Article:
Tom Godber-Ford Moore's pheasant polpette in an agrodolce sauce is essentially fancy meatballs, but it is a surefire favourite with guns for eleveneses

Game works marvellously with Mediterranean influences, as Tom Godber-Ford Moore proves with his pheasant polpette in an agrodolce sauce. Essentially a posh word for meatballs, this polpette will be a surefire elevenses favourite with the guns.

For more pheasant recipe inspiration, read the top 10 best pheasant recipes. From a broth ideal for elevenses to an impressive roast for a supper party, there’s no need to fill up the freezer, get your bag straight on the table.


Yes, polpette is pretty much just a posh word for meatball, the only difference being you’ll find these being eaten with a cocktail stick in a Venetian bar, just as we do at elevenses, rather than nestling in a plate of spaghetti. However, with a good glug of olive oil and lashings of parmesan, that’s pretty good, too.

Serves 4

For the polpette

  • 1  onion, finely chopped
  • Salt, pepper and olive oil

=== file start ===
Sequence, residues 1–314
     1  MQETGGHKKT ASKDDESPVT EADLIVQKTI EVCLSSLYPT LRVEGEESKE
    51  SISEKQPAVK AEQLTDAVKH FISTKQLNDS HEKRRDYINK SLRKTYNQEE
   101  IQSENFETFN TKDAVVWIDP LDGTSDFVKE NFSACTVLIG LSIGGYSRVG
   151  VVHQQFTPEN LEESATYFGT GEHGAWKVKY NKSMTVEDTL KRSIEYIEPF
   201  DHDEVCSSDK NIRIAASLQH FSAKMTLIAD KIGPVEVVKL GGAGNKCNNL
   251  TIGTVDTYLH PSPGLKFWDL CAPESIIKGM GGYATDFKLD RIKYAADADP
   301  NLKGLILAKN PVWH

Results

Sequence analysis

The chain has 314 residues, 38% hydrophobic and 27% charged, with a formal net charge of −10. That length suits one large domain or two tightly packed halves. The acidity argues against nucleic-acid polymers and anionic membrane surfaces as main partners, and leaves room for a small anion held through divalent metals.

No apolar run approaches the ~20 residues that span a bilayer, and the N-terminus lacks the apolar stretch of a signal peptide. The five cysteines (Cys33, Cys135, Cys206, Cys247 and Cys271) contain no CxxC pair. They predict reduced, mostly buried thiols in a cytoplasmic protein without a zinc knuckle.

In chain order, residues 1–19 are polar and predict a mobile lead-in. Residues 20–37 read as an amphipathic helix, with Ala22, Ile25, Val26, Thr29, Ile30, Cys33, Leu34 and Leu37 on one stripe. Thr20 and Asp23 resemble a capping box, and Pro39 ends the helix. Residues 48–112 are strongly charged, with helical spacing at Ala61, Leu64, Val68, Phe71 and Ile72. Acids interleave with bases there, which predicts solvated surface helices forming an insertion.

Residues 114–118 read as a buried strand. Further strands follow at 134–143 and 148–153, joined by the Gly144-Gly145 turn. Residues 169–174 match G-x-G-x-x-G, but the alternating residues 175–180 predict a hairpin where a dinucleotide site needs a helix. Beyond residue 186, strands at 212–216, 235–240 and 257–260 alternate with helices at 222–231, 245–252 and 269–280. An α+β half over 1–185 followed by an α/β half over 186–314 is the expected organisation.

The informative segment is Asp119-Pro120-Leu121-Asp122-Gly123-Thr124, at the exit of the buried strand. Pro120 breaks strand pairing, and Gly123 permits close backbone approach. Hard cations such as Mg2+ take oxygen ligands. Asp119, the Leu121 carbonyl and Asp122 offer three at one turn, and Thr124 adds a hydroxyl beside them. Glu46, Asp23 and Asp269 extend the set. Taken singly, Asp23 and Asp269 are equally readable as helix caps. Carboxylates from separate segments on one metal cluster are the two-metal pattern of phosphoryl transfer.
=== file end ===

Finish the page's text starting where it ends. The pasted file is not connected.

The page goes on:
• 2 cloves garlic, finely chopped
  • Good pinch chilli flakes
  • 1½ tbsp toasted fennel seeds, roughly ground in a pestle and mortar
  • 40g breadcrumbs
  • 4 pheasant breasts, roughly minced in a food processor
  • 200g fat-minced pork
  • 1 egg
  • Handful of parsley, roughly chopped
  • Good pinch dried oregano
  • Zest 1 lemon

For the tomato sauce

  • 2 tins decent chopped tomatoes
  • 4 tbsp sugar
  • 1 tbsp red wine vinegar
  • 1 tsp salt
  • 1 tsp dried chilli flakes
  • 1 tsp toasted fennel seeds, roughly ground
  • 1 tsp of dried oregano
  • Handful roughly chopped parsley

Put all the ingredients for the tomato sauce (except the parsley) in a pan and cook on a high heat for 10 minutes, stirring frequently.

Sweat the onion with some olive oil and salt gently in a pan for 5 minutes, until soft. Add the garlic, chilli flakes and ground fennel seeds and fry for a further minute. Add the breadcrumbs, then allow to cool.

Mix this well with the pheasant breast and pork mince, the egg and the parsley, oregano and lemon zest, then add a generous pinch of salt and pepper.

Form the mixture into golf ball shapes and fry off until well browned.

Put the polpette into the tomato sauce and cook gently for a further five minutes, until cooked through, then stir in the remaining parsley.